Loading ...
Sorry, an error occurred while loading the content.

China dam update

Expand Messages
  • Pawnfart
    The anomalies that are off the chart are in Asia, as I predicted, relative to China dam and delta changes. Understand that the myolin sheath effect of
    Message 1 of 702 , Aug 2 11:56 AM
    • 0 Attachment
      The anomalies that are off the chart are in Asia,
      as I predicted, relative to China dam and delta
      changes. Understand that the myolin sheath effect of
      biological activity is not as effective later in the summer
      to transport cirrus and precip to places like the
      Pac NW where I<br>live (or where Mt. Shasta is losing
      glacial ice). But as the sed and detritus flows later and
      insulates the deep counters in the east Pac<br>and China
      Sea, it provides conditions for local flooding and SST
      warming.<br><br>Of particular interest is the Sea of Okhotsk, which
      is unreal with its SST anomaly warm conditions, yes,
      on the WESTERN aspect of its gyre. This is an inland
      sea that usually melts its ice sheet by the end of
      March, and the sheet was there in May. So what's the
      source of the warm anomaly?<br><br>The ocean? PDO?
      Please. It could only be cirrus and the electrical aspect
      I am discussing. And the regional problem is
      related to dam and delta changes by the Chinese,
      IMHO.<br><br>Here is the next important prediction. Understand this
      well. As these northern gyres get moving, guess what?
      Yep. The Arctic melts. It<br>directly has little to do
      with CO2 at this time. Indeed, w/ the dams, there is
      overall cooling IMHO, just like what occurred during our
      Dust<br>Bowl. But if the dams were not masking this heat, the
      CO2 enhancement of the methanogens would be so clear
      that even a skeptic like John Daly<br>would have
      difficulty picking temperature sites to fool people with
      intellectually criminal straw men.<br><br>My mountain, the one I
      was supposed to climb this year, but is too crappy to
      climb, Mt Shasta, is the subject, along with other
      mountains, of<br>John Daly's recent pages professing
      skepticism about glaciers melting worldwide in higher lats.
      But John won't explain the magnetic field anomaly
      near India, or the SST anomalies near China. And he
      won't write about Lindzen's iris, and comment on his
      failure to address direction of current, ENSO, or biology
      with his selection of data. Skeptics of the climate
      debate really need to look at their bias, I
      think.<br><br>_________________________________________________________________<br>> ____<br>> ><br>> > To unsubscribe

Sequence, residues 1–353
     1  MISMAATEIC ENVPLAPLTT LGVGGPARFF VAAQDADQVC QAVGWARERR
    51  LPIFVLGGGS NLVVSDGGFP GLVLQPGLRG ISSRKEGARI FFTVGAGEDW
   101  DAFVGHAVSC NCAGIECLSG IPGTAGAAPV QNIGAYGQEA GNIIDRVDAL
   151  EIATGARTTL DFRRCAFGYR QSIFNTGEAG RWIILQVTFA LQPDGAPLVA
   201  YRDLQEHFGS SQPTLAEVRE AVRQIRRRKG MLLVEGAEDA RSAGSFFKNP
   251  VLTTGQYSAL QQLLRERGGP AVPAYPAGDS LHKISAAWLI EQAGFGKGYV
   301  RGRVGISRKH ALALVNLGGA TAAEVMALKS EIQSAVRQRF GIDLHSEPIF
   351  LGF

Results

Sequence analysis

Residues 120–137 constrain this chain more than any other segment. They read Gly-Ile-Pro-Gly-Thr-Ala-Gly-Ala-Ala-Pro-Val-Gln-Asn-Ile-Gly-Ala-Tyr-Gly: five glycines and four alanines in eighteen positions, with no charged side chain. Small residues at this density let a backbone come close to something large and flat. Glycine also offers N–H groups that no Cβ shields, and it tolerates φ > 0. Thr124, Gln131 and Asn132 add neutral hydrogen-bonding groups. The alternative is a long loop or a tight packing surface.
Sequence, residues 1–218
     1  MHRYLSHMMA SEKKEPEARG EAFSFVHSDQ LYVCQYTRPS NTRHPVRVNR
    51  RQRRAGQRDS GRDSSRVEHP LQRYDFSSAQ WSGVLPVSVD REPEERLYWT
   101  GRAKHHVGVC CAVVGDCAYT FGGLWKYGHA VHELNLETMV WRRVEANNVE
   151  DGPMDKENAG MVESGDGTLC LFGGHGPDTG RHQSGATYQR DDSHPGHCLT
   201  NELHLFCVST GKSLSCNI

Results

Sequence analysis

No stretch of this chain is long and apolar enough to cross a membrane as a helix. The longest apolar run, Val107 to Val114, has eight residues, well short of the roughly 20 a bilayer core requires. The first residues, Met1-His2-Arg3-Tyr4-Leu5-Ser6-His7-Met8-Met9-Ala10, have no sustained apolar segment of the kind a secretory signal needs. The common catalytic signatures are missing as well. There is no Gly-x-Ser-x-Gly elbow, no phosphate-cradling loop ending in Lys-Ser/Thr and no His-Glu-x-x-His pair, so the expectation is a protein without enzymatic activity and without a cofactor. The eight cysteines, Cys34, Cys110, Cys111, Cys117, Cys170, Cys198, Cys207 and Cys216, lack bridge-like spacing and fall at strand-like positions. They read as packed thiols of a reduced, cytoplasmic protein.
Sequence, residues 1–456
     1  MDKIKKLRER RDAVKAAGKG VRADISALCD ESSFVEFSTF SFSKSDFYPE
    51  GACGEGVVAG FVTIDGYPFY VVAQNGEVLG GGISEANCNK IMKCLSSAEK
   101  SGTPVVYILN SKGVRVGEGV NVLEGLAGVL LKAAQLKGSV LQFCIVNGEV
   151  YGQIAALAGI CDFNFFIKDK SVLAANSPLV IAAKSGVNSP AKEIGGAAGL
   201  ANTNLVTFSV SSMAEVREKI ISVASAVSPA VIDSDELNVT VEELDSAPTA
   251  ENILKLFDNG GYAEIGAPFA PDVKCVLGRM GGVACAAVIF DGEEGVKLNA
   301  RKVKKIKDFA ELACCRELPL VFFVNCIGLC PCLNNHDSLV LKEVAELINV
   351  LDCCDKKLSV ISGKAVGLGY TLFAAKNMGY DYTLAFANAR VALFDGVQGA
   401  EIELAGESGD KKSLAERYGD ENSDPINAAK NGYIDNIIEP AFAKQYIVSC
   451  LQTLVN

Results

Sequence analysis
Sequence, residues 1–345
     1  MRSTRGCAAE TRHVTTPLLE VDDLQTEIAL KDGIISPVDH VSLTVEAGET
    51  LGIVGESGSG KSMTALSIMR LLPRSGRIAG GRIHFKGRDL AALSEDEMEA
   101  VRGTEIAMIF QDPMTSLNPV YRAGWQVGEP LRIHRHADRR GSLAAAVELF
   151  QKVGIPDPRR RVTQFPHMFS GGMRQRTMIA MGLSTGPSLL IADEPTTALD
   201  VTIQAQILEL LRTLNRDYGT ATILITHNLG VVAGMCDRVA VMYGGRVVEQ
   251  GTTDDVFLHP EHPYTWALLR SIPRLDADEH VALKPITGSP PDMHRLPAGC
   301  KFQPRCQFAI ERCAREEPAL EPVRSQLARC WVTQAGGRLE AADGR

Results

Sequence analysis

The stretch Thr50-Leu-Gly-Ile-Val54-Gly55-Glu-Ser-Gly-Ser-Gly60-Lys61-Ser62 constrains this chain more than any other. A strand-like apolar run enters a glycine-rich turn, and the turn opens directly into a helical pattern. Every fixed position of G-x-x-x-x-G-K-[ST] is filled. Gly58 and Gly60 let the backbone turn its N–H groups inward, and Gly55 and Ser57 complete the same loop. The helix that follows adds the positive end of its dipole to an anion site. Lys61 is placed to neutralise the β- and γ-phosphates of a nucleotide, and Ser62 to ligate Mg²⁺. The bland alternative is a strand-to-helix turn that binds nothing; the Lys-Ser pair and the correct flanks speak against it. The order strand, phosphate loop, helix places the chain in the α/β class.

from this list, please send an email to<br>> >
      debate-off@... from the appropriate email<br>> >
      account.<br>> <br>> <br>>
      _______________________________________________________________________<br>> ____<br>> <br>> To unsubscribe from this
      list, please send an email to <br>>
      debate-off@... from the appropriate email <br>> account.
    • b1blancer_29501
      On Feb 28th, the Interplanetary Magnetic Field swung to a strong south-pointing orientation. That, coupled with an elevated solar wind speed and density,
      Message 702 of 702 , Mar 1, 2002
      • 0 Attachment
        On Feb 28th, the Interplanetary Magnetic Field
        swung to a strong south-pointing orientation. That,
        coupled with an elevated solar wind speed and density,
        triggered a G-1 class geomagnetic storm. The result was
        some high latitude aurora. See this link for a
        photgraph of aurora observed over Quebec :
        <a href=http://www.spaceweather.com/aurora/images/01mar02/Moussette2.jpg target=new>http://www.spaceweather.com/aurora/images/01mar02/Moussette2.jpg</a> . As of right now, there are 3 sunspot regions,
        namely 9839, 9842, and 9845, that appear to be capable
        of producing M-class flares. Regions 9839 and 9842
        are close to rotating out of view over the western
        limb of the solar disk. Sunspot region 9845, however,
        is close to the sun's central meridian. A rather
        large coronal hole is also approaching the sun's
        central meridian, and coming into an Earth-pointing
        position. High speed colar wind gusts are likely around the
        first of next week.<br><br>The current solar and
        geomagnetic conditions are :<br><br>NOAA sunspot number :
        153<br>SFI : 188<br>A index : 10<br>K index : 1<br><br>Solar
        wind speed : 372.3 km/sec<br>Solar wind density : 4.4
        protons/cc<br>Solar wind pressure : 1.1 nPa<br><br>IMF : 8.4
        nT<br>IMF Orientation : 0.7 nT North<br><br>Conditions for
        the last 24 hours : <br>Solar activity was low. The
        geomagnetic field was quiet to unsettled. Stratwarm Alert
        exists Friday.<br><br>Forecast for the next 24 hours
        :<br>Solar activity will be low to moderate. The geomagnetic
        field will be quiet to unsettled.<br><br>Solar Activity
        Forecast :<br>Solar activity is expected to be low to
        moderate for the next three days. Region 9845 is a
        possible source for isolated M-class
        flares.<br><br>Geomagnetic activity forecast :<br>Geomagnetic field activity
        is expected to be mainly quiet to unsettled, until
        the onset of high speed stream effects from a
        recurrent coronal hole begin to develop by day three of the
        forecast period. Isolated active conditions are
        anticipated thereafter.<br><br>Recent significant solar flare
        activity :<br>None
      Your message has been successfully submitted and would be delivered to recipients shortly.